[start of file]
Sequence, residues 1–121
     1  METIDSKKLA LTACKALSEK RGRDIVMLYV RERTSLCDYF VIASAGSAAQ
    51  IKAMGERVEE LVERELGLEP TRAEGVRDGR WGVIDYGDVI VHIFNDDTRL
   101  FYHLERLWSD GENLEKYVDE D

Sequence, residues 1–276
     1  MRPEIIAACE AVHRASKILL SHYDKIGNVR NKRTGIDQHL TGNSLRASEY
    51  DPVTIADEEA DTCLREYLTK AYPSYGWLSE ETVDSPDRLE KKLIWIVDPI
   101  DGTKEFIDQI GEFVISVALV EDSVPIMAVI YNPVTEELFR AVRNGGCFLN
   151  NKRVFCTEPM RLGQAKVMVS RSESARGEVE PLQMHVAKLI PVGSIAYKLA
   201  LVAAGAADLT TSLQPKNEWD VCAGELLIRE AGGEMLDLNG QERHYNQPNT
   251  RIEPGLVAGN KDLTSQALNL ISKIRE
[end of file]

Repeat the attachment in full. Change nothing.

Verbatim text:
Sequence, residues 1–121
     1  METIDSKKLA LTACKALSEK RGRDIVMLYV RERTSLCDYF VIASAGSAAQ
    51  IKAMGERVEE LVERELGLEP TRAEGVRDGR WGVIDYGDVI VHIFNDDTRL
   101  FYHLERLWSD GENLEKYVDE D

Sequence, residues 1–276
     1  MRPEIIAACE AVHRASKILL SHYDKIGNVR NKRTGIDQHL TGNSLRASEY
    51  DPVTIADEEA DTCLREYLTK AYPSYGWLSE ETVDSPDRLE KKLIWIVDPI
   101  DGTKEFIDQI GEFVISVALV EDSVPIMAVI YNPVTEELFR AVRNGGCFLN
   151  NKRVFCTEPM RLGQAKVMVS RSESARGEVE PLQMHVAKLI PVGSIAYKLA
   201  LVAAGAADLT TSLQPKNEWD VCAGELLIRE AGGEMLDLNG QERHYNQPNT
   251  RIEPGLVAGN KDLTSQALNL ISKIRE